1H-NMR (270 MHz; in CDCl3): δ [ppm]=1.25 (d, 6H), 2.95 (s, 3H, SO2ŚNCH3), 3.8 (s, 6H, NCH3), 4.3 (m, 1H), 7.4 (d, 1H, Ar-H), 7.8 (d, 1H, Ar-H), 8.9 (bs, 1H, NH).

Example 139 Preparation of N′-[2-Chloro-4-fluoro-5-(5-trifluoromethylpyridazon-3-on-2-yl)-benzoyl]-N-isopropyl-N-methylsulfenamides

Step 1:

2-Fluoro-4-chloro-5-(5-trifluoromethyl-pyridazin-3-on-2-yl)-benzoic Acid

Pyridazinone ester II with X1=F, X2=Cl, Q=Q27, R34=H, R35=CF3 and R36=H (3 g, 8.56 mmol) was dissolved in anhydrous CH2Cl2 (100 ml). A solution of BBr3 (30 ml, 1 M in CH2Cl2, 30 mmol) was added to the solution and the mixture was stirred at room temperature for 17 hours. Water (50 ml) was added and the mixture stirred vigorously for 3 hours. A rotary evaporator was used to remove the CH2Cl2 and the suspended solid was filtered, washed with water and dried to give 2.76 g of the product as a pale yellow solid. Yield: 95%.

Using an identical procedure, the ester II with X1=F, X2=Cl, Q=Q27, R34=H, R35=CF3 and R36=CH3, shown above, was converted to the corresponding acid III in 97% yield.

Step 2:

N′-{2-Chloro-4-fluoro-5-(5-trifluoromethyl-pyridazon-3-on-2-yl)-benzoyl}-N-isopropyl-N-methylsulfenamides

The carboxylic acid III with X1=F, X2=Cl, Q=Q27, R34=H, R35=CF3 and R36CH3 (0.71 g, 2.10 mmol) was dissolved in anhydrous tetrahydrofuran (15 ml) and CDI (0.51 g, 3.15 mmol) was added as a single portion. The mixture was stirred at room temperature for 30 minutes. The mixture was refluxed for 5 minutes, then cooled to room temperature. The sulfamide (0.32 g, 2.10 mmol) was added, followed by DBU (0.48 g, 3.15 mmol). The reaction was stirred at room temperature for 17 hours. 5% strength HCl (15 ml) and ethyl acetate (10 ml) were added to the reaction, and the mixture was stirred vigorously for 10 minutes. The mixture was extracted with ethyl acetate (3Î15 ml) and the combined extracts were washed with water, dried over MgSO4 and concentrated in a rotary evaporator to give a brown semi-solid. The crude product was purified by chromatography on a basic alumina column (eluted with CH2Cl2, 1%, 2% H3CŚOH/CH2Cl2 then 1% acetic acid/CH2Cl2) to give the final product Ida.xxx (0.45 g) as an off-white solid. Yield: 45%; mp.: 82░ C.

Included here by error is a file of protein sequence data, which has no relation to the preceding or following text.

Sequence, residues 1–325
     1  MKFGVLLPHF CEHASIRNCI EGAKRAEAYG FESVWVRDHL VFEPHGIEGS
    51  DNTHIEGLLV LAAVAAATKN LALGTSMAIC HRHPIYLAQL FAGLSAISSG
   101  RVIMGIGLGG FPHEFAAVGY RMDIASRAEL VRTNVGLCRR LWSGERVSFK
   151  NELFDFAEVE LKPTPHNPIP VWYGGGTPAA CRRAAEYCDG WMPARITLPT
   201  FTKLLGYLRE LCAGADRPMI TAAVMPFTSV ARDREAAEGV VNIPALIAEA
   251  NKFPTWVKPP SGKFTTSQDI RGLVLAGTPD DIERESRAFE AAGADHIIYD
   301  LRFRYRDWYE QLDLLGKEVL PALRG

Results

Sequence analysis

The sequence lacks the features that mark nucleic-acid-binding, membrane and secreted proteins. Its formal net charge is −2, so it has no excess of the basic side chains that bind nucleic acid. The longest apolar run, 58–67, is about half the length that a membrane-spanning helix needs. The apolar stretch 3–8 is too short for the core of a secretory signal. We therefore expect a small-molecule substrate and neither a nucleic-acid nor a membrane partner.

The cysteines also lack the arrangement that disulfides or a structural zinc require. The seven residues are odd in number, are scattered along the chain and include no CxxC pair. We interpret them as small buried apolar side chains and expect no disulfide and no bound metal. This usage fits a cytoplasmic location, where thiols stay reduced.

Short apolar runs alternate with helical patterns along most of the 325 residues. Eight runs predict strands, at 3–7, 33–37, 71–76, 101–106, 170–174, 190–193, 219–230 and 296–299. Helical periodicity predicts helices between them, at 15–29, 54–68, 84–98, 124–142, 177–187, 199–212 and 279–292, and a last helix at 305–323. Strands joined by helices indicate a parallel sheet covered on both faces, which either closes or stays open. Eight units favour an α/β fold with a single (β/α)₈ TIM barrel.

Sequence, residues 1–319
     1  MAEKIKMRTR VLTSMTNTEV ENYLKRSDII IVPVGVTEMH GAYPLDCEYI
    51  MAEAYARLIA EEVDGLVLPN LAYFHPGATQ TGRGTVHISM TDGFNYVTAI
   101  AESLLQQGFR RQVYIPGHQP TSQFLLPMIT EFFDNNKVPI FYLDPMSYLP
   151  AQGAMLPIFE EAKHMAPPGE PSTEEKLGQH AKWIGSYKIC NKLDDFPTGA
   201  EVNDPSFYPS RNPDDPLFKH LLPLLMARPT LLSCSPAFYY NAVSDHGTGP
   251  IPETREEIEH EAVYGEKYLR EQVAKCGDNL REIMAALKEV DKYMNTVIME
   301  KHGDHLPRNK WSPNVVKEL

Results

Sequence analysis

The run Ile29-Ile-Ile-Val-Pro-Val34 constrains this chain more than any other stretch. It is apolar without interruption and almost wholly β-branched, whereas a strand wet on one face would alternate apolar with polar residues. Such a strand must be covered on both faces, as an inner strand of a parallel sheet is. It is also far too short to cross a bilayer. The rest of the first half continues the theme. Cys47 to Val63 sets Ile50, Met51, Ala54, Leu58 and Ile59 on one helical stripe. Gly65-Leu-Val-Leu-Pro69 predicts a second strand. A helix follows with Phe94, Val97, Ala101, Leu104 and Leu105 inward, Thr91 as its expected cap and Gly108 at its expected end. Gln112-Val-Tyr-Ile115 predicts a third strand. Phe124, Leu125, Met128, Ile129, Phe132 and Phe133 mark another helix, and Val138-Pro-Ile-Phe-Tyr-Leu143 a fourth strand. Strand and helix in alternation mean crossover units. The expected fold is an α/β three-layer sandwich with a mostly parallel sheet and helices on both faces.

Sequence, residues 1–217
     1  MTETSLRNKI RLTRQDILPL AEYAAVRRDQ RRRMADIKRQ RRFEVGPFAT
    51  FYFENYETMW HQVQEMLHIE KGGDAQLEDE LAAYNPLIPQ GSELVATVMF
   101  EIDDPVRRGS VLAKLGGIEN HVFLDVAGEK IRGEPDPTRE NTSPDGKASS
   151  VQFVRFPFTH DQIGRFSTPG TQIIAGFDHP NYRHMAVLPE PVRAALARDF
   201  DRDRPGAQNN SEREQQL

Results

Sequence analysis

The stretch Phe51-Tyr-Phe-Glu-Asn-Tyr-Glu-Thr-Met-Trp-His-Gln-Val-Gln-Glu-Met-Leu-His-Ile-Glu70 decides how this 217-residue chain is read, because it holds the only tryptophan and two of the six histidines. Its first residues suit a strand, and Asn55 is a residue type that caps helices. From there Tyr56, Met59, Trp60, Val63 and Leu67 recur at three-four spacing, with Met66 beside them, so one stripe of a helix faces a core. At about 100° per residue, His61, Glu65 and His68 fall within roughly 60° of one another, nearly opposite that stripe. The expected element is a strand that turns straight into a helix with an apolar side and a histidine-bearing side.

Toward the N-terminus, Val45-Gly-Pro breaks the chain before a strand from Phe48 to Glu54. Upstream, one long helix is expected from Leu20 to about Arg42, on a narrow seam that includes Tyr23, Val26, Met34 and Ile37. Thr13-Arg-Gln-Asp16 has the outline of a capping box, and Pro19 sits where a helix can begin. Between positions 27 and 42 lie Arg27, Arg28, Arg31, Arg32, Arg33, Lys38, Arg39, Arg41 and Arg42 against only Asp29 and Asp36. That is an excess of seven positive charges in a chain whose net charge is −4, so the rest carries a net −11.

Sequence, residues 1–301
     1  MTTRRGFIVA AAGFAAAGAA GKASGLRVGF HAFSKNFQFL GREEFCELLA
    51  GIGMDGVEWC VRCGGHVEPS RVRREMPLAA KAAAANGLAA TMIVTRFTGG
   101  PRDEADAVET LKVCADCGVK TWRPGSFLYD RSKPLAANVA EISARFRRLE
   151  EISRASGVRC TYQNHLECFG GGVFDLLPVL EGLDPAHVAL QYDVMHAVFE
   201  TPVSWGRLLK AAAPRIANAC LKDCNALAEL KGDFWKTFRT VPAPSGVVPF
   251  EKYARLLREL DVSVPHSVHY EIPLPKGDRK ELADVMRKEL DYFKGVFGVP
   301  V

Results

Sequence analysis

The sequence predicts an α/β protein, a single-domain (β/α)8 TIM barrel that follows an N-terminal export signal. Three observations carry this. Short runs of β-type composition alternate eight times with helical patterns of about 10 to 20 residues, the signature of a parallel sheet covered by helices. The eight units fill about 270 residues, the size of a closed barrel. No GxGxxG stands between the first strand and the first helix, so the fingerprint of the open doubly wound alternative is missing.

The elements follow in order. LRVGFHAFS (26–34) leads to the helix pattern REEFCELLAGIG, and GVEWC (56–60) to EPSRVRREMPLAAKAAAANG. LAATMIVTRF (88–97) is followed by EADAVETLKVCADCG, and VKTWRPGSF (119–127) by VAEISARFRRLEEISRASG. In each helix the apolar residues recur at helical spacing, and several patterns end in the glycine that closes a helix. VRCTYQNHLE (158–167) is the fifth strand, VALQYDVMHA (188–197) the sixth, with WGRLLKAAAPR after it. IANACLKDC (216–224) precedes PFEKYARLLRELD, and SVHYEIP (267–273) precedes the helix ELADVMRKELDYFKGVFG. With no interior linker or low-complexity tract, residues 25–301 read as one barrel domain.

The following compounds were prepared using the same procedure and with the appropriate acid and sulfamide.

Example No. R1 R2 R36 mp. [░ C.]
140 CH3 phenyl H 182
141 CH3 phenyl CH3 74-75
142 CH3 CH(CH3)2 CH3 181-182
143 CH3 CH3 CH3 205-206
144 CH3 CH3 H 184-186

Example 145 Preparation of 4-Chloro-3-[4-chloro-2-fluoro-5-(N-methyl-N-isopropyl)-sulfamoylcarboxamidophenyl]-5-difluorormethoxy-1-methyl-1H-pyrazole

A solution of 3-[5-carboxy-4-chloro-2-fluorophenyl]-4-chloro-5-difluoromethoxy-1-methyl-1H-pyrazole (2.00 g, 5.63 mmol) in tetrahydrofuran was treated with N,N′-carbonyldiimidazole (1.13 g, 6.98 mmol), stirred for 1 hour under reflux, cooled to room temperature, treated with N-methyl-N-isopropylsulfamide (1.10 g, 7.23 mmol), stirred for 10 minutes, treated with diazabicycloundecene (1.06 g, 6.97 mmol), stirred overnight at room temperature and concentrated under reduced pressure. Chromatography on silica gel (cyclohexane/ethylacetate 4:1) gave 0.90 g of the raw product. Further crystallization from cyclohexane/ethylacetate (4:1) yielded 0.45 g (16.4%) of the title compound (analyzed by NMR).

1H-NMR (in CDCl3): δ [ppm]=8.8 (s, 1H, NH), 8.0 (d, 1H), 7.3 (d, 1H), 6.7 (t, 1H), 4.3 (hpt, 1H), 3.8 (s, 3H), 3.0 (s, 3H), 1.2 (d, 6H).

Step 1:

2-Chloro-5-[3-chloro-5-(trifluoromethyl)-2-pyridinyl]-4-fluorobenzoic Acid